I agree with Estelle Morris that uniformity is not the way forward. We live in an age where people expect choice. I go to my local supermarket and I am confronted with up to 50 cheeses and I get disgruntled if my favourites are missing. Yet in my 1950s childhood, even the largest stores rarely offered more than Cheddar and Stilton. Though comprehensive schools did not become widely established until the 1970s, it was in that earlier period that the comprehensive idea was conceived.
People accepted what they were given. As late as the 1970s, people had to queue for months to get a telephone installed or to take out a mortgage, as well as to get a hospital bed. Small wonder that they never complained about their children being directed to a particular school. Children who passed the 11-plus went to the local grammar, those who failed went to the local secondary modern. The idea that the selective system provided choice, and that parents lamented its loss, was a myth invented by later generations.
Now people expect to choose their electricity or gas supplier, and press for a choice of hospitals and surgeons. Politicians therefore need to provide choice in secondary schooling without re-inventing selection.
Creating a "ladder" of schools is the wrong answer. Ministers should aim for a range of schools that enjoy genuine parity of esteem, offering parents real choice. Allowing each school to specialise in a particular subject area is probably the only way to achieve that.
The concept of the specialist school needs to be uncoupled from the concept of hierarchy. If we have Morris's ladder - which includes three tiers of specialist school - parents will clamour to get into the one nearest the top. Why would anyone choose a school on the fourth rather than the second rung? You would need to be very convinced that your 11-year-old was a potentially brilliant violinist or dancer to prefer a school "working towards" specialist status in the arts over an "advanced" school specialising in science. As usual, the middle classes will get their children into the "better" schools; to create a hierarchy of schools is to create a class (and often race) segregated system. The old selective system, sending roughly 20-25 per cent to grammars, and 75 to 80 per cent to secondary moderns, roughly matched the proportions of the population which then fell into the middle and working classes . It broke down because there weren't enough grammar-school places to accommodate an expanding middle class or an increasingly aspirant working class. I wonder if Morris has noticed that her five tiers neatly match the five social classes into which we are now usually divided.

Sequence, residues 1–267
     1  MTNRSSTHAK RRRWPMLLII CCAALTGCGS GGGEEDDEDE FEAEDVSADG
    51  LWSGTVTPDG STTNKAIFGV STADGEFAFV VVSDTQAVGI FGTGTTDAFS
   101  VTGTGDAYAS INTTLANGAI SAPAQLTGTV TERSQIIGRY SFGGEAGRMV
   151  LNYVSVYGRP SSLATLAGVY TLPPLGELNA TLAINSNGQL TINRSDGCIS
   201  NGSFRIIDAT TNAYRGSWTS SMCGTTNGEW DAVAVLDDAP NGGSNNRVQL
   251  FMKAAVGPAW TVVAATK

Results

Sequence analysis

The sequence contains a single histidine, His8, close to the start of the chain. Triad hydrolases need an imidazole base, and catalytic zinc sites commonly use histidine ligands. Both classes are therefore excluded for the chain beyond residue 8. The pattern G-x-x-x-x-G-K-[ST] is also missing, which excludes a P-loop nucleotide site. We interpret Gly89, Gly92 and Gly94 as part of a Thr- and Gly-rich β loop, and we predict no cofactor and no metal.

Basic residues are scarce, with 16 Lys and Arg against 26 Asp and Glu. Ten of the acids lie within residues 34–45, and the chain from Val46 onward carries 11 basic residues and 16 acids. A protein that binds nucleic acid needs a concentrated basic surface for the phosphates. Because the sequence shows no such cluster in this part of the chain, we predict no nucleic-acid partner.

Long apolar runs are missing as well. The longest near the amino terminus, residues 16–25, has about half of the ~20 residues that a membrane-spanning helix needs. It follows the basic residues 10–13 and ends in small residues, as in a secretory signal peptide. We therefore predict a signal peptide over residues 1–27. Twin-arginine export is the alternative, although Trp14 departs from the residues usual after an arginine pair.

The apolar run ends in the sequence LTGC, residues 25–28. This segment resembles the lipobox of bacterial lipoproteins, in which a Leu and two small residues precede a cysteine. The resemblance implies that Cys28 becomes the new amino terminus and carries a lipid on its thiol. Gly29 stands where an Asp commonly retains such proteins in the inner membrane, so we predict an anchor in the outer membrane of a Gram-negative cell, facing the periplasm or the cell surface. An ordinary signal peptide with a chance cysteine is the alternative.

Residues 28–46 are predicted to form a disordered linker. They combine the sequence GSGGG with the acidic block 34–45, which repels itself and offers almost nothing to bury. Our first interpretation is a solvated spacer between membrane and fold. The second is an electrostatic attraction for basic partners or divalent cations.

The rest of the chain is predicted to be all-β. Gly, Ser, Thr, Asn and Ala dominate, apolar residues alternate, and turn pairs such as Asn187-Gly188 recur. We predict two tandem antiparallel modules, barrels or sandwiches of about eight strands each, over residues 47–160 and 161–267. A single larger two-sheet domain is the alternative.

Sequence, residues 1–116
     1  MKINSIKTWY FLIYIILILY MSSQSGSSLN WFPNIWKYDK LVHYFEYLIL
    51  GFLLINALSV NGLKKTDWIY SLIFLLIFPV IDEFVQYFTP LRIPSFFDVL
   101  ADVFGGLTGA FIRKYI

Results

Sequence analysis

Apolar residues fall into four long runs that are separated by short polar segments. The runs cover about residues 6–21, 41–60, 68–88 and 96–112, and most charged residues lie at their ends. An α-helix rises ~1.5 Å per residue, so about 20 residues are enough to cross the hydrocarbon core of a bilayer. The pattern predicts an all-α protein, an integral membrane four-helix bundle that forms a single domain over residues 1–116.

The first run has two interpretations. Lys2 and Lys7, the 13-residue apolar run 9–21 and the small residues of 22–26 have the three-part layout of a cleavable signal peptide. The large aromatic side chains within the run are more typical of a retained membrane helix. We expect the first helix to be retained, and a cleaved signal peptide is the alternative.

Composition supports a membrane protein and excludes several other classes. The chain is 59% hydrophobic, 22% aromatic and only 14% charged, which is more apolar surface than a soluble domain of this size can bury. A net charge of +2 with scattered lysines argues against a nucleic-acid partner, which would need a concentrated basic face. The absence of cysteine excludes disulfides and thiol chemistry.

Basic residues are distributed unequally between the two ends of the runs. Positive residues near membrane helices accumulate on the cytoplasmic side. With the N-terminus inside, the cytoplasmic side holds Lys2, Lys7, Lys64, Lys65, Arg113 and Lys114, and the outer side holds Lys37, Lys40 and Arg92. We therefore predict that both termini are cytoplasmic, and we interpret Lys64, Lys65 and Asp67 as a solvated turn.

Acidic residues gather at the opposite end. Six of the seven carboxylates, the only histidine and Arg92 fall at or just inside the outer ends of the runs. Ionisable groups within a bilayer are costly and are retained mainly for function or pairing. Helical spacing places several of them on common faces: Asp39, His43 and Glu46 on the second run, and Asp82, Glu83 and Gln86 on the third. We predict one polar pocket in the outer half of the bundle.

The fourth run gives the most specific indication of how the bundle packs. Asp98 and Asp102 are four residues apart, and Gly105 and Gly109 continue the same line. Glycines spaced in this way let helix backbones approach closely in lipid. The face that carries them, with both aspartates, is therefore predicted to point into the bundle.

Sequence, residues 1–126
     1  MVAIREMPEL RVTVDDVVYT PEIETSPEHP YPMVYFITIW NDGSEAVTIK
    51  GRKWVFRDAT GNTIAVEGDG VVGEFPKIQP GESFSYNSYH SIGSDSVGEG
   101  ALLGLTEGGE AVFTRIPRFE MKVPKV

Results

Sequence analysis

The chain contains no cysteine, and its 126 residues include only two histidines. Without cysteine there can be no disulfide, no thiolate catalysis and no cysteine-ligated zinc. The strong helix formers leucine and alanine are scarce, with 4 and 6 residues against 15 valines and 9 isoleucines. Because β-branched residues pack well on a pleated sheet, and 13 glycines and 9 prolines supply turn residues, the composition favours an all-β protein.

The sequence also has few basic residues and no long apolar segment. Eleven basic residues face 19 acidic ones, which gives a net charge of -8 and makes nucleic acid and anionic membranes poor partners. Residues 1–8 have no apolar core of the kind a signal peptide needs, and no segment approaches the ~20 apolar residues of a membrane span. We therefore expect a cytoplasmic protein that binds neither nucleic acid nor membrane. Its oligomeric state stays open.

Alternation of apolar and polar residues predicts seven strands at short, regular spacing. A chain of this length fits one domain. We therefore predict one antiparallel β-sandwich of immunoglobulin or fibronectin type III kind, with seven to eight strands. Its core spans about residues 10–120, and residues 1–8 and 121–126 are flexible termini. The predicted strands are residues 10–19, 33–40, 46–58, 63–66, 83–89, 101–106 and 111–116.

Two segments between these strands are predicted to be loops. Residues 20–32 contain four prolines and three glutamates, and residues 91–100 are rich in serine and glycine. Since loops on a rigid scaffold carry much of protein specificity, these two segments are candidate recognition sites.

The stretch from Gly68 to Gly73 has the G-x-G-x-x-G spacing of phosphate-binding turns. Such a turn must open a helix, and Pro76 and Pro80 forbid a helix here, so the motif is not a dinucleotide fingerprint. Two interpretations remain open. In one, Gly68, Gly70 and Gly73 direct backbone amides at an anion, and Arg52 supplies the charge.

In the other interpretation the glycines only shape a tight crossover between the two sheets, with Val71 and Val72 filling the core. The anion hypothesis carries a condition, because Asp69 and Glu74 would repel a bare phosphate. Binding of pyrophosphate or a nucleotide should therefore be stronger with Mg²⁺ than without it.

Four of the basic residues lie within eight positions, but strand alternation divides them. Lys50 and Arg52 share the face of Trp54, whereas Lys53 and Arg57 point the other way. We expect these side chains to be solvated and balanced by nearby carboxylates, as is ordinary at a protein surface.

I return to my cheeses. I do not prefer, say, Wensleydale to Red Leicester because I think one is better than the other. It is a matter of taste. I would like the same to be true of schools. You may argue that it is wrong to treat schools as though they were consumer goods. The same used to be said of gas, water and electricity. That is the way of the world and we shall just have to make the best of a bad job. At the moment, ministers are making an awful botch of it.
Peter Wilby is editor of the New Statesman.